This study which involves the development of fire loads and design fires for residential and non-residential mid-rise buildings is part of NEWBuildS’ “Rationalization o f Life Safety - Code Requirements fo r Mid-rise Buildings” project. The project is focused on analysing the code requirements that relate to fire resistance and the use of automatic sprinklers for mid-rise buildings built with combustible or non-combustible construction. The ultimate goal of the project is to come up with alternative solutions and, potentially, trigger changes in the code requirements for mid-rise buildings.
A review, compilation, and analysis of fire load survey data was conducted from available literature for residential and office buildings. A web survey of floor areas was also conducted for floor areas of mid-rise buildings. Fire loads and fuel packages for midrise buildings were developed based on previous surveys as well as the web survey. The fire load data in conjunction with statistical data was used to select fire scenarios from which design fire scenarios were chosen.
The fire characteristics of the selected fuel packages, such as heat release rate, and production of toxic gases, were analyzed using the two-zone fire risk analysis model, CUrisk, in order to develop appropriate design fires for mid-rise buildings.
Project contact is Weichiang Pang at Clemson University
The overall goal of this project is to enable the use of cross laminated timber (CLT) to construct commercial and other non-residential buildings in High Velocity Hurricane Zone (HVHZ). The 1992 Hurricane Andrew exposed the shortcomings of existing building codes. Recognizing this shortcomings, the Florida Building Code (FBC) incorporated new enhanced provisions which specifically require that the entire building envelope, including the wall and roof systems, must be impact resistant in HVHZ. Currently, CLT is not in the database of a list of building envelope products that comply with the HVHZ standard. The specific objectives of this project are (1) to qualify PRG-320 compliance CLT panels for HVHZ standard by conducting FBC debris impact and wind pressure cyclic tests; (2) to conduct education and outreach sessions to promote the use of CLT in HVHZ, and (3) to identify possible construction projects that may utilize CLT as the building envelope and promote the use of CLT in those projects. The test results generated in this project will be used specifically to gain HVHZ building code approval.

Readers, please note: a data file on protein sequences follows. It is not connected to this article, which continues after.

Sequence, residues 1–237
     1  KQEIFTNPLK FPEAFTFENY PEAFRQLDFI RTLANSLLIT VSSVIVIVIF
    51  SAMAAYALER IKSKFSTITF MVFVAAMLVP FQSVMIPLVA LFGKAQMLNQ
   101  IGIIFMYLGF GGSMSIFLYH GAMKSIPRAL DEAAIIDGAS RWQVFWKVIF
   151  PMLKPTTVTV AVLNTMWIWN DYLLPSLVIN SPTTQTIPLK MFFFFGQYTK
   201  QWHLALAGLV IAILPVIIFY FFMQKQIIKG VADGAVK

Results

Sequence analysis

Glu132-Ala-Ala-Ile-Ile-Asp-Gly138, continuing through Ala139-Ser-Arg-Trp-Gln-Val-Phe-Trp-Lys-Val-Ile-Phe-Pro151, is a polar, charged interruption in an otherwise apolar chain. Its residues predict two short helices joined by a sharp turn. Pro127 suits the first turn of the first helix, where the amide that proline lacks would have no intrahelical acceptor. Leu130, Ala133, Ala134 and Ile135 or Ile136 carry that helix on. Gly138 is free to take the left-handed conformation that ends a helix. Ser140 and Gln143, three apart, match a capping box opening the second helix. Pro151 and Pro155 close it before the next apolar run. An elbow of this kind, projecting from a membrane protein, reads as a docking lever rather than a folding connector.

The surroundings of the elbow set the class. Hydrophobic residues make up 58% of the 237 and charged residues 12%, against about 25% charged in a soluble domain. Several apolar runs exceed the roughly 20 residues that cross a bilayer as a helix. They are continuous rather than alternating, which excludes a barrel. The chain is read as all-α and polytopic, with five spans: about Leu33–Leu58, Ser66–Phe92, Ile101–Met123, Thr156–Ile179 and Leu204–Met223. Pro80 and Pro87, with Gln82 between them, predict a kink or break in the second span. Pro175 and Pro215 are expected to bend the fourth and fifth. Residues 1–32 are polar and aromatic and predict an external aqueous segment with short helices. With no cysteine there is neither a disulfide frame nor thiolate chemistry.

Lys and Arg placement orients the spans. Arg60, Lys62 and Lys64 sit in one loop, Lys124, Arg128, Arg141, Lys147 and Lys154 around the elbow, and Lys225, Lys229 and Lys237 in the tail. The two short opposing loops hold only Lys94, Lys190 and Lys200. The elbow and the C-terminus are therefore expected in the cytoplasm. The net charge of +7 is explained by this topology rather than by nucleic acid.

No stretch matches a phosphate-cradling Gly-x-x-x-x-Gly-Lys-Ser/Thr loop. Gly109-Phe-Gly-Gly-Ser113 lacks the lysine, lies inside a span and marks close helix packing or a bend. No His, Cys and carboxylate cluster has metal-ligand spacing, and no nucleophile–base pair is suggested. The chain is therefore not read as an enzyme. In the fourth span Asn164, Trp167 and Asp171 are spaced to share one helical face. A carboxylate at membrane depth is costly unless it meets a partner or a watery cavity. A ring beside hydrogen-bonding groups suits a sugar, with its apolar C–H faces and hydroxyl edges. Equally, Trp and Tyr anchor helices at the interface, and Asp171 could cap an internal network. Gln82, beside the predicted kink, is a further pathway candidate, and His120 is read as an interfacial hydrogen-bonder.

This paper presents an investigation of possible disproportionate collapse for a nine-storey flat-plate timber building, designed for gravity and lateral loads. The alternate load-path analysis method is used to understand the structural response under various removal speeds. The loss of the corner and penultimate ground floor columns are the two cases selected to investigate the contribution of the cross-laminated timber (CLT) panels and their connections, towards disproportionate collapse prevention. The results show that the proposed building is safe for both cases, if the structural elements are removed at a speed slower than 1 sec. Disproportionate collapse is observed for sudden element loss, as quicker removal speed require higher moments resistance, especially at the longitudinal and transverse CLT floor-to-floor connections. The investigation also emphasises the need for strong and stiff column-to-column structural detailing as the magnitude of the vertical downward forces, at the location of the removed columns, increases for quicker removal.